Events over the past few years have put more power in the hands of institutional investors, so hearing their perspective on how best to develop long lasting future partnerships with managers at GAIM Ops Cayman was extremely valuable.
Demand for transparency have moved right to the top of the agenda on any discussion in this context. Delegates were asked how they responded to the increased requests and most said this was achieved by hiring more staff on the marketing and operational due diligence side. This is perhaps no surprise against the backdrop of increased regulation in the sector.
Operational due diligence meetings have become ever more important in terms of investors being able to get the most out of the process. Firstly it is key to ensure that all the right people are in the room. Delegates said they thought it was most important to have non-investment personnel, as well as staff from the operations side and senior management. There appeared to be hardly any desire from investment-related staff to be present.
For investors, there is a real need to strike a partnership with the manager, so they want managers to be open and provide access to what they need. “When we send out due diligence questionnaires we expect them to be completed,” an investor said, adding that of the 99 funds they invest in, only one refused to complete the forms.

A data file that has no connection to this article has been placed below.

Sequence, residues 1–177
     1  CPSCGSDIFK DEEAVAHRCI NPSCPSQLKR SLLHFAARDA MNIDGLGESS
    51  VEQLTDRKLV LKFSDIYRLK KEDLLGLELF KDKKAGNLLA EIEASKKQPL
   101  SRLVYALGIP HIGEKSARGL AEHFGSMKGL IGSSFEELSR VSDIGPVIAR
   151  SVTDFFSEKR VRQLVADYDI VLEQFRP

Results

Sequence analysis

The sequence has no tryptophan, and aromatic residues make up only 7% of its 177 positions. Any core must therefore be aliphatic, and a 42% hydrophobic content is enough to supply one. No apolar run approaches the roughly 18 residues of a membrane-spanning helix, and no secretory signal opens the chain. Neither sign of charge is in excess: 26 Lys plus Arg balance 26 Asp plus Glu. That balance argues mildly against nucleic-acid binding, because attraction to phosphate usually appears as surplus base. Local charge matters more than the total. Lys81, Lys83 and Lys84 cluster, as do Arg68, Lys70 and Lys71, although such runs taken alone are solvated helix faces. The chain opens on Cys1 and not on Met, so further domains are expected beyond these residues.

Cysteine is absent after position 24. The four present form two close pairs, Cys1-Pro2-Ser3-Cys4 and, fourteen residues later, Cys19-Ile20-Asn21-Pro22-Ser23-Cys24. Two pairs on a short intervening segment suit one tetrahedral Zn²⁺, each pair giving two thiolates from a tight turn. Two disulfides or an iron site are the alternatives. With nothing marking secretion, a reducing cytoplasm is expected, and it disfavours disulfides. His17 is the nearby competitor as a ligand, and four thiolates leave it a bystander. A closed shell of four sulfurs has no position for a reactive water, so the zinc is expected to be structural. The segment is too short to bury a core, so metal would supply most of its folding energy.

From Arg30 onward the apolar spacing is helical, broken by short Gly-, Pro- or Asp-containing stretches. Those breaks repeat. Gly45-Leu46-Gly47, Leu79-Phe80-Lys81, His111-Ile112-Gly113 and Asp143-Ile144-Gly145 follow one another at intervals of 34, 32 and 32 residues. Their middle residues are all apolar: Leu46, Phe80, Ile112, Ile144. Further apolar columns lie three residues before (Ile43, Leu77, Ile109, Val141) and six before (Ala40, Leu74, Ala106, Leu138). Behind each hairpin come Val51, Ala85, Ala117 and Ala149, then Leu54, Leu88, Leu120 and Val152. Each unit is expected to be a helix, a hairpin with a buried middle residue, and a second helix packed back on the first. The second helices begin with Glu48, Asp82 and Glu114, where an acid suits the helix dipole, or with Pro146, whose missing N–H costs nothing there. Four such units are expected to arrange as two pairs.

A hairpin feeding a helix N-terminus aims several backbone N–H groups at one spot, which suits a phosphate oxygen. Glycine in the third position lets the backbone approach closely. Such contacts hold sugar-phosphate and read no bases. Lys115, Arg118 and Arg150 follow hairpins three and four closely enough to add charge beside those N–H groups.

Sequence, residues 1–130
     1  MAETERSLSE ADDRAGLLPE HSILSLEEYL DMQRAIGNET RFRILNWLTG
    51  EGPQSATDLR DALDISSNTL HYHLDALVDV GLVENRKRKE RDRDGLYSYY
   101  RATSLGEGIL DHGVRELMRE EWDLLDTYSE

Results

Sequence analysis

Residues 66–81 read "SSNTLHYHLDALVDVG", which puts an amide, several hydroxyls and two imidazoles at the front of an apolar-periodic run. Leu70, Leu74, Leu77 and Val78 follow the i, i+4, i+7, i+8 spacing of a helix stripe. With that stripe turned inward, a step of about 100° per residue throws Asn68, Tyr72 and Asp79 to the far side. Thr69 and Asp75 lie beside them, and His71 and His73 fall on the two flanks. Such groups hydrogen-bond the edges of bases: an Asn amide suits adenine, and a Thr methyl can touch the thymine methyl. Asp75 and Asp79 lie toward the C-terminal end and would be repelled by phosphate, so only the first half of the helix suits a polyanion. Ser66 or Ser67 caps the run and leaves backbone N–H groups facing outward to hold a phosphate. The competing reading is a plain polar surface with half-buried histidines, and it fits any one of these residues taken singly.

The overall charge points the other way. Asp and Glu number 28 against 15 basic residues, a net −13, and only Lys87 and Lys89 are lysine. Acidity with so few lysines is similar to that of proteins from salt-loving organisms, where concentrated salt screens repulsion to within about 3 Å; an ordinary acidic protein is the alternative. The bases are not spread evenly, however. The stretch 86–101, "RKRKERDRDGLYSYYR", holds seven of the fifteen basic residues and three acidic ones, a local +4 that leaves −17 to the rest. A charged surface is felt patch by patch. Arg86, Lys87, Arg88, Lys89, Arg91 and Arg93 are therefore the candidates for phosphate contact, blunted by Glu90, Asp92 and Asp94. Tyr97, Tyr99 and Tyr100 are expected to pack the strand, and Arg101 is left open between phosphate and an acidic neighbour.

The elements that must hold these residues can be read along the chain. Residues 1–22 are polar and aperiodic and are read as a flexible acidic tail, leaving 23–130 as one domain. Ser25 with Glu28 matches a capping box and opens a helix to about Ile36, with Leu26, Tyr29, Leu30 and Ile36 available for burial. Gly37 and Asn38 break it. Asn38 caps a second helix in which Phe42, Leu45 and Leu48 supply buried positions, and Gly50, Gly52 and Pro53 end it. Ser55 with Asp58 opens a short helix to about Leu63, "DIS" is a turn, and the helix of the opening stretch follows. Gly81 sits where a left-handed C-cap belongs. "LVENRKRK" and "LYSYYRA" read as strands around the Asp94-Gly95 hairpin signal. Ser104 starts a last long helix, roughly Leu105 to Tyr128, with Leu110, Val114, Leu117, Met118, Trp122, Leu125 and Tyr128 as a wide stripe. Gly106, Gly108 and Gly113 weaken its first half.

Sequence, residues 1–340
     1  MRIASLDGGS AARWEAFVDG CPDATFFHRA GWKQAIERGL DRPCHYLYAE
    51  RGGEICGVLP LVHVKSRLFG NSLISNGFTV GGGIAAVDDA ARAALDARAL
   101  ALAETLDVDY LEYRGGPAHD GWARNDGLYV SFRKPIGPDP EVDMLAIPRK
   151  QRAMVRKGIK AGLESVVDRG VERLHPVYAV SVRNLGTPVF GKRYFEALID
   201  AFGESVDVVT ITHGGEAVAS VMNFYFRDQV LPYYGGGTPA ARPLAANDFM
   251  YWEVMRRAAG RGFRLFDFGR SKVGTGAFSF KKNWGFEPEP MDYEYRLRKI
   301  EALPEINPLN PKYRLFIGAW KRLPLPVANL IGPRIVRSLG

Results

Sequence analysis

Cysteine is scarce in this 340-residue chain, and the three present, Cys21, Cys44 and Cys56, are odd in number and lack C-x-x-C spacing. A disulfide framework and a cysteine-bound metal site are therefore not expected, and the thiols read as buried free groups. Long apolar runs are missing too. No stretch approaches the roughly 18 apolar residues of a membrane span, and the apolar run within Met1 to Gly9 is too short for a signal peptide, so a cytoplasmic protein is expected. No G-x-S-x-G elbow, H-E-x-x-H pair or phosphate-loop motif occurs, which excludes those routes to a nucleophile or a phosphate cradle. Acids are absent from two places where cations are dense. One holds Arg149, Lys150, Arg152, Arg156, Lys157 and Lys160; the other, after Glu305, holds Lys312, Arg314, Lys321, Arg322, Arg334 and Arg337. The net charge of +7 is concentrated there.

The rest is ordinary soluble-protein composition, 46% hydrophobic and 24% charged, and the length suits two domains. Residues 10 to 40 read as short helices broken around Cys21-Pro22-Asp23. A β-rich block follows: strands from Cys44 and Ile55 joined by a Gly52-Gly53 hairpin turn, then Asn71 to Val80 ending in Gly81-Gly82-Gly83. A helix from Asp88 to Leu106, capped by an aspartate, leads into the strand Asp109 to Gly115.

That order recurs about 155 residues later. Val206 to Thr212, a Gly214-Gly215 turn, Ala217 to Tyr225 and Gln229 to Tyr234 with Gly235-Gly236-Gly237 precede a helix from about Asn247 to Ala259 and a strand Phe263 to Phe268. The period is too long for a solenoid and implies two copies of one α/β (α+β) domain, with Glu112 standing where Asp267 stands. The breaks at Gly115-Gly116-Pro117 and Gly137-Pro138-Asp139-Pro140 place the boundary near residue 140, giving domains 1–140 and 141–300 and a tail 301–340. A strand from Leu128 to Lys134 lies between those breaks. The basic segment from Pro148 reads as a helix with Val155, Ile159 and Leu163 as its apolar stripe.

In terms of the key questions that will come from investors, managers can expect to be quizzed on any senior departures and it is important to be transparent because the process will involve verification of information related to employment tribunals and one example uncovered how a CFO who left had actually had an unfair dismissal case. “This is a trust business. We don’t expect to find out everything but managers need to be open on critical and major issues,” commented an investor. “We want to do business with the managers and it can be useful to set up a call beforehand so there are no surprises in the meeting. Usually after the first call you know if a manager will be open to your requests and as you would expect, emerging managers tend to be more open in this process.” It was then added that managed accounts are the preferred structure because of the greater transparency and reduced counterparty risk.
From the fund of fund perspective, one investor said it’s good to have some element of surprise, but basic things like the NAV package shouldn’t be a surprise. Another concern investors want comfort on is that managers haven’t just copied their policy from one of their peers.
In concert with transparency demands, investors have been squarely focused on corporate governance and in particular the use of independent directors. One investor said the climate has now moved on to a preference for independent directors on the board from different firms.
This issue is in sharp focus in the UK and Ireland, notably with the UK CBI stipulating requirements for board directors and for operational effectiveness, there must be one person on the board that is responsible for how the board operates, as well as seeing directors step up and take their fiduciary duty seriously.